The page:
I recently participated in a workshop called "Intro to Mohawk for Ally Educators" by Tekonwanyahé:sen Stacy Hill from Six Nations of the Grand River. The workshop was promoted as helping educators to feel more confident reading and pronouncing Kanyen’keha names and places.
We met on Zoom and learned the basic vowel and consonant sounds in Kanyen’keha, played some games, and learned some basic words in addition to sounding out some names.
The workshop was not only very useful in terms of giving me some tools to be able to sound out people's names with more accuracy, but it was also a lot of fun. Tekonwanyahé:sen gave us lots of opportunities to practice making the sounds, gave us good feedback, and made the learning fun and interesting.
Tekonwanyahé:sen shared that part of her path is helping people to find connections and so she has launched a new consulting business that supports Indigenous and ally educators. As it describes on the website:
HAWI is Haudenosaunee And Waldorf-Inspired. Our Name - “HAWI” is actually not a word on it’s own. In our Kanyen’kéha (Mohawk) Language, it is a suffix that can be added to a root to convey that something is being carried. We feel this is particularly fitting for our work as we “carry” many aspects of our history and culture; of teaching and learning; of building relationships with communities.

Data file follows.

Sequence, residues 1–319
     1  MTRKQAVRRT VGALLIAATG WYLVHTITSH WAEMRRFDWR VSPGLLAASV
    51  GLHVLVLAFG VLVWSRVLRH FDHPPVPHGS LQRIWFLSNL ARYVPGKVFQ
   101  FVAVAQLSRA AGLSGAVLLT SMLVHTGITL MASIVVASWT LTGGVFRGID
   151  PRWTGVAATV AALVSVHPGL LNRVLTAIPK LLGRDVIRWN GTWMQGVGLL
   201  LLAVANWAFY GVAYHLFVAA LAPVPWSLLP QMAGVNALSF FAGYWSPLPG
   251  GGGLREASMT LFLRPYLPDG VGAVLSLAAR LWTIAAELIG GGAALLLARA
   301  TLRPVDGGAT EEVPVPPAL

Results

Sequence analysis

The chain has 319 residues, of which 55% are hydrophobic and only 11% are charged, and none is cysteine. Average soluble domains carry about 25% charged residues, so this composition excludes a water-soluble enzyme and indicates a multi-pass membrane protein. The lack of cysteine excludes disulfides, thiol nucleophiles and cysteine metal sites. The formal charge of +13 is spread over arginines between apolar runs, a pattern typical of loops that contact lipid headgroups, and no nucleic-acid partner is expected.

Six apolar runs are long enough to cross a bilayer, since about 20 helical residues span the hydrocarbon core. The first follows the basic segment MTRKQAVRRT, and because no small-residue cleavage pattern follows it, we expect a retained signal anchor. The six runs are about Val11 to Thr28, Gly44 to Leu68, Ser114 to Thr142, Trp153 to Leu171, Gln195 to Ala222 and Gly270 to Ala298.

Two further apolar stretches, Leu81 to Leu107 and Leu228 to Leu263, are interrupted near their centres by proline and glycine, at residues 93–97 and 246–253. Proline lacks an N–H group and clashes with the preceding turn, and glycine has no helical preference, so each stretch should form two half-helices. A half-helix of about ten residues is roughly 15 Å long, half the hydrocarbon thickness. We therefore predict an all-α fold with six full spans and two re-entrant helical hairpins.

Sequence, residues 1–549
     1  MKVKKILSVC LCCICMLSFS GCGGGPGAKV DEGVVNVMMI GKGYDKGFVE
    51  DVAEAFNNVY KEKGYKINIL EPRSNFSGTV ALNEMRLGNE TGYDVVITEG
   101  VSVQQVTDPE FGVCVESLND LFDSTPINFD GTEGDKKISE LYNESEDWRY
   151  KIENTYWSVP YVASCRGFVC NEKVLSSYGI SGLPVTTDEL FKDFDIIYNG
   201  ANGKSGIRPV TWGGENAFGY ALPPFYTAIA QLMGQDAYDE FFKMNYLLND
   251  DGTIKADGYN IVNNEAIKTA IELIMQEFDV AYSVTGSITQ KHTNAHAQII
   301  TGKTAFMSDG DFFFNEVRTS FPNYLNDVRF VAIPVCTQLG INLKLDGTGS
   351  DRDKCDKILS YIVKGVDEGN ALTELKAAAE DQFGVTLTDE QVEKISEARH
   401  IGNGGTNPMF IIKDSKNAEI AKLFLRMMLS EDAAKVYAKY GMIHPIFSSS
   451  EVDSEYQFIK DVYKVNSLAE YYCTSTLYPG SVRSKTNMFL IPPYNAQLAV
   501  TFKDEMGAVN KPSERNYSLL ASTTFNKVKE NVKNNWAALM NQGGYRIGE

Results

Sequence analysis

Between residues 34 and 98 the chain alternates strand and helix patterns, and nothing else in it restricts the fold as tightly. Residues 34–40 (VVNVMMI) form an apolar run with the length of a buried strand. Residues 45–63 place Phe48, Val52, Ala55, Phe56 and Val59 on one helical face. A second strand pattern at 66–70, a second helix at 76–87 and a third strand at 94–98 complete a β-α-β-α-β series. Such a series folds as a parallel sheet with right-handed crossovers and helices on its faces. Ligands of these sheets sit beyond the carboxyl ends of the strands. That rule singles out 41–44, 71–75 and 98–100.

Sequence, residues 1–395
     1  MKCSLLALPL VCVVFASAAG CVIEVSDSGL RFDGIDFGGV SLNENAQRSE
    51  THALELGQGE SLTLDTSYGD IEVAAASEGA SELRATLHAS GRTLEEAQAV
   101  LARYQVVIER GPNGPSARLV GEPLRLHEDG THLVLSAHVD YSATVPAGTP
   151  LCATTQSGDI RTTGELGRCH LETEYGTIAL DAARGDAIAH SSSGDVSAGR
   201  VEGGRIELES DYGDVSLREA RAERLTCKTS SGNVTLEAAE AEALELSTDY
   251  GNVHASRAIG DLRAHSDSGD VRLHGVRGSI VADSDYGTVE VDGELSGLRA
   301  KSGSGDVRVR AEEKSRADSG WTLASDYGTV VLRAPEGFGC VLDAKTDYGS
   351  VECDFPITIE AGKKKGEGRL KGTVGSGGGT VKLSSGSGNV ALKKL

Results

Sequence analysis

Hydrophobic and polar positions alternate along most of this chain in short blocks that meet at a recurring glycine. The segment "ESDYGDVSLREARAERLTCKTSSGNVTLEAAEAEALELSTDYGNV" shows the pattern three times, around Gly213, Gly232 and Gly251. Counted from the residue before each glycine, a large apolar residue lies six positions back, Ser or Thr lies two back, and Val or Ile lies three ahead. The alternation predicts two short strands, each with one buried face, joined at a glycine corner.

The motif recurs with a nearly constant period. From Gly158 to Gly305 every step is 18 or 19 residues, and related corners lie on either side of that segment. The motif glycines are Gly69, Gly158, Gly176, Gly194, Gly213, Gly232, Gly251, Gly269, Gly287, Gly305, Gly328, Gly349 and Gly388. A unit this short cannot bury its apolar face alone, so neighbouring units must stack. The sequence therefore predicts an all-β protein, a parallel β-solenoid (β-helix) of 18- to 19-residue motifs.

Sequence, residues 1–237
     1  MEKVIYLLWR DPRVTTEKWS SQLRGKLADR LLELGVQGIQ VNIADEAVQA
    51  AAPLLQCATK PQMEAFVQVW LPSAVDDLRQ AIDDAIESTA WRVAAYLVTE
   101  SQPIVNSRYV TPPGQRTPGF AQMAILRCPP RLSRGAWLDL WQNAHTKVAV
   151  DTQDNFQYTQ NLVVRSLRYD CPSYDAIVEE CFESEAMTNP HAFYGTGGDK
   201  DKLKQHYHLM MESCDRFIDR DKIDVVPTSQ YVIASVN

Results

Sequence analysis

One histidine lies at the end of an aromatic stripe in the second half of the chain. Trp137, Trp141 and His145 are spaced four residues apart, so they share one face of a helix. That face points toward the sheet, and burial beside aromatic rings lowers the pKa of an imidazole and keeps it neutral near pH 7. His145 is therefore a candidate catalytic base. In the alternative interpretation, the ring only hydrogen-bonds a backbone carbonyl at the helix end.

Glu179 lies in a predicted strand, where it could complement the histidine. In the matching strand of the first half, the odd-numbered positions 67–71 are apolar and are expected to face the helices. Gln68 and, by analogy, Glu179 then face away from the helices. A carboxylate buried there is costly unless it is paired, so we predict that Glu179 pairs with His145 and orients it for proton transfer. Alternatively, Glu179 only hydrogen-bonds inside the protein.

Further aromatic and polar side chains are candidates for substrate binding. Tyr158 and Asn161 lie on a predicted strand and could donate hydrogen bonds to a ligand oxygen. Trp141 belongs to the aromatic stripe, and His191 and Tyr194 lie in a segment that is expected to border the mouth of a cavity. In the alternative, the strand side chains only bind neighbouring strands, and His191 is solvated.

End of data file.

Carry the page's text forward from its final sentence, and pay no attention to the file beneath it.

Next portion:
We are a community minded consulting company coaching Haudenosaunee, Indigenous, and Ally educators to take up an approach rooted in Haudenosaunee thought and philosophy, inspired by Waldorf educational pedagogy. Our reference to educators refers to everyone who feels the call of our current and future children.
There are upcoming events and workshops that might be of interest to other educators who want to bring aspects of Haudenosaunee culture and understanding into their classrooms. She is offering monthly Zoom sessions as well as in-person workshops and retreats:
A video about a Kanyen'keha immersion school in Kahnawake Mohawk Territory in Quebec: